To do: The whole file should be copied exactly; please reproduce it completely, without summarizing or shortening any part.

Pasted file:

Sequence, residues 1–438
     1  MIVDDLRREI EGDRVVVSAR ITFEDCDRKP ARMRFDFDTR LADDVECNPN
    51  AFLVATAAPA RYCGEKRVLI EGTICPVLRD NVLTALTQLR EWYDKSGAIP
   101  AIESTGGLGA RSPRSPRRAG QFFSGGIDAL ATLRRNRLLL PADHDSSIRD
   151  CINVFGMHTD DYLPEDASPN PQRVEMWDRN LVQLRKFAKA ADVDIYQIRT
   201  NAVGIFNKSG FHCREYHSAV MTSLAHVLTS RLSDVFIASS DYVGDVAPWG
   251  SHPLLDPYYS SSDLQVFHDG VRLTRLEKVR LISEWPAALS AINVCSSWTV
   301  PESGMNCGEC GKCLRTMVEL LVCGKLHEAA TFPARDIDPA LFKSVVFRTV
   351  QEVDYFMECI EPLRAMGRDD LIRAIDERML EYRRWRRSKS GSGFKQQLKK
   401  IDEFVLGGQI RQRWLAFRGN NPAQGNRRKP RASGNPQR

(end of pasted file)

Sequence, residues 1–438
     1  MIVDDLRREI EGDRVVVSAR ITFEDCDRKP ARMRFDFDTR LADDVECNPN
    51  AFLVATAAPA RYCGEKRVLI EGTICPVLRD NVLTALTQLR EWYDKSGAIP
   101  AIESTGGLGA RSPRSPRRAG QFFSGGIDAL ATLRRNRLLL PADHDSSIRD
   151  CINVFGMHTD DYLPEDASPN PQRVEMWDRN LVQLRKFAKA ADVDIYQIRT
   201  NAVGIFNKSG FHCREYHSAV MTSLAHVLTS RLSDVFIASS DYVGDVAPWG
   251  SHPLLDPYYS SSDLQVFHDG VRLTRLEKVR LISEWPAALS AINVCSSWTV
   301  PESGMNCGEC GKCLRTMVEL LVCGKLHEAA TFPARDIDPA LFKSVVFRTV
   351  QEVDYFMECI EPLRAMGRDD LIRAIDERML EYRRWRRSKS GSGFKQQLKK
   401  IDEFVLGGQI RQRWLAFRGN NPAQGNRRKP RASGNPQR